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Data: FREOPP.org; Map: Naema Ahmed/Axios

The structural issues that have plagued U.S. nursing homes for years will make it difficult for them to prevent coronavirus infections and deaths, even though we now understand the high-risk nature of the facilities.

Driving the news: Within the 80% of nursing homes that have reported coronavirus data to the federal government, nearly 26,000 residents died, the Centers for Medicare and Medicaid Services announced yesterday.

The big picture: Older people are particularly vulnerable to the virus, and nursing homes became devastating outbreak sites right away.

  • And the nursing home industry has long been under scrutiny for its problems with infection control.

Between the lines: Experts say that nursing homes need to be extra vigilant about testing staff and residents, and then isolating patients who do get the virus.

  • That means keeping coronavirus patients out of nursing homes to begin with, which some states failed to do early on when patients were sent from hospitals to recover in nursing homes.
  • But it also means having strict protocols for residents who become infected.

Yes, but: That's when nursing homes' long-standing problems present themselves once again.

  • The physical structure of the nursing home becomes very important, including details about things like shared bathrooms, where the nurses' station is, and how air circulates through the building, David Grabowski, a Harvard professor who studies post-acute care, told me.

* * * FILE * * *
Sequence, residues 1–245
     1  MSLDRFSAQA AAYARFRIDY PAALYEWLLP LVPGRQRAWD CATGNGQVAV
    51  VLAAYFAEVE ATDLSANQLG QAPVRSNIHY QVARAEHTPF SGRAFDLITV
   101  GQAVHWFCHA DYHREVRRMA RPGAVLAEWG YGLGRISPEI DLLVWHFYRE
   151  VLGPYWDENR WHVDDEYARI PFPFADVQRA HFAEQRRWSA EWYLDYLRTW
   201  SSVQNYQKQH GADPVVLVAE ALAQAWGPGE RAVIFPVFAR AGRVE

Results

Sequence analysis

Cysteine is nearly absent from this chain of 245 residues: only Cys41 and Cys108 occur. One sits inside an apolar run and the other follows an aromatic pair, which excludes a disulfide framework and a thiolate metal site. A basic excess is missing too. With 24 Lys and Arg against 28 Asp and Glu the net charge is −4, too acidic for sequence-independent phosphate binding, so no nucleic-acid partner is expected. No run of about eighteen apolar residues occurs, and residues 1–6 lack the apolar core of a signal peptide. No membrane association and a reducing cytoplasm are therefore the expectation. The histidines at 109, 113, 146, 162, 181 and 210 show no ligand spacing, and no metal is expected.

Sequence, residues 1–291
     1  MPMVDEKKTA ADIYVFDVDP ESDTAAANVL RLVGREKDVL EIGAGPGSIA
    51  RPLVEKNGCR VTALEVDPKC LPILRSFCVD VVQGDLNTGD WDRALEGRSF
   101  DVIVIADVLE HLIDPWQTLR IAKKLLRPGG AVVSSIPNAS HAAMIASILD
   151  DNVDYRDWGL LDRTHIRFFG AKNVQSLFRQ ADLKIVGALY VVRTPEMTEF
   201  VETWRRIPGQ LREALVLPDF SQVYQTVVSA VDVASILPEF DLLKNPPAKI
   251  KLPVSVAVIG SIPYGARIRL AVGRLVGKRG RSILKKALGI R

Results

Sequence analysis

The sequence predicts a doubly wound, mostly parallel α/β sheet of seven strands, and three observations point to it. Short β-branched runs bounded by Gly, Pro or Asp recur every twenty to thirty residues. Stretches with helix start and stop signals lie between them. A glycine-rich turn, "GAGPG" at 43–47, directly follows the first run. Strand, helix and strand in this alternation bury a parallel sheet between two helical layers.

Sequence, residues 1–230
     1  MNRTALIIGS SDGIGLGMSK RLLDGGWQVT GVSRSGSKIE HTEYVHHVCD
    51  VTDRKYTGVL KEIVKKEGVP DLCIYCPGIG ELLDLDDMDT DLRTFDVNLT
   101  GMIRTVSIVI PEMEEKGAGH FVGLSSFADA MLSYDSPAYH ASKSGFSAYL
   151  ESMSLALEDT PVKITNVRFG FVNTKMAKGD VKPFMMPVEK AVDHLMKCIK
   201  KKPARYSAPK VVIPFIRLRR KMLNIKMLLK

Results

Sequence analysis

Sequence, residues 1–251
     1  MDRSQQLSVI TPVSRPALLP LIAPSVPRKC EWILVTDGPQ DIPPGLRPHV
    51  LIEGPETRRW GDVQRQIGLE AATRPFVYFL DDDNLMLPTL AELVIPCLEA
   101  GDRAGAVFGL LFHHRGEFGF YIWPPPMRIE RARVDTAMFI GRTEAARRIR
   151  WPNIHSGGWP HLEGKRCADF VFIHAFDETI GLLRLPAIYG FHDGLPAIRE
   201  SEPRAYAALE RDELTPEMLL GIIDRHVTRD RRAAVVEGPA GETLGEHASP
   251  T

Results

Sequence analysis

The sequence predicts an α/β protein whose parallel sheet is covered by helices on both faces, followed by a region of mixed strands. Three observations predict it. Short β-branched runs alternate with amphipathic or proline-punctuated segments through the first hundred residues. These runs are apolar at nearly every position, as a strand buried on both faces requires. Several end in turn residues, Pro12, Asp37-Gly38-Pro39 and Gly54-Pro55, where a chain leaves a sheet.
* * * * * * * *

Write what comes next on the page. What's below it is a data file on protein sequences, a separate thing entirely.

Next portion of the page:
• "Some facilities have tried to set up [coronavirus] units or wings or floors," he said. "Sometimes that’s doable based on the numbers and the layout, and sometimes it’s not.”

It's also important to dedicate specific staff to each population — coronavirus patients and non-infected patients. But nursing homes were suffering from staff shortages long before the pandemic hit.

  • “I don’t know how many nursing homes are doing that well to have dedicated staff for covid versus non-covid patients," Grabowski said. He added that most nursing homes also don't have enough personal protective equipment for their workers.

The bottom line: We've certainly learned from our mistakes in terms of how to protect nursing home residents from the coronavirus. The question is whether we'll be able to effectively apply those lessons to prevent future outbreaks.

Go deeper: Taking care of coronavirus patients after they leave the hospital

Go deeper

Caitlin Owens, author of Vitals
Sep 10, 2020 - Health

Young adults aren't all safe from the virus

Illustration: Annelise Capossela/Axios

Young adults, especially those with pre-existing conditions, can still have very serious cases of the coronavirus, a new study published yesterday in JAMA Internal Medicine confirms.

Why it matters: As thousands of college students around the country catch the virus, some of them are bound to require hospitalization and, tragically, perhaps even die in the coming weeks.

Updated 4 hours ago - Politics & Policy

Coronavirus dashboard

Illustration: Aïda Amer/Axios

  1. Politics: McConnell urges White House not to strike stimulus deal before election — Republican senators defend Fauci as Trump escalates attacks.
  2. Economy: Why the stimulus delay isn't a crisis (yet).
  3. Health: Studies show drop in COVID death rate — The next wave is gaining steam — The overwhelming aftershocks of the pandemic.
  4. Education: Schools haven't become hotspots — San Francisco public schools likely won't reopen before the end of the year.

Coronavirus infections fell by nearly 13% last week

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Data: The COVID Tracking Project, state health departments; Map: Andrew Witherspoon/Axios

New coronavirus infections fell by almost 13% over the past week — a significant improvement.

Why it matters: Things are moving in the right direction again after a brief plateau, and getting the virus under control now will give the U.S. a much better shot at a safe autumn.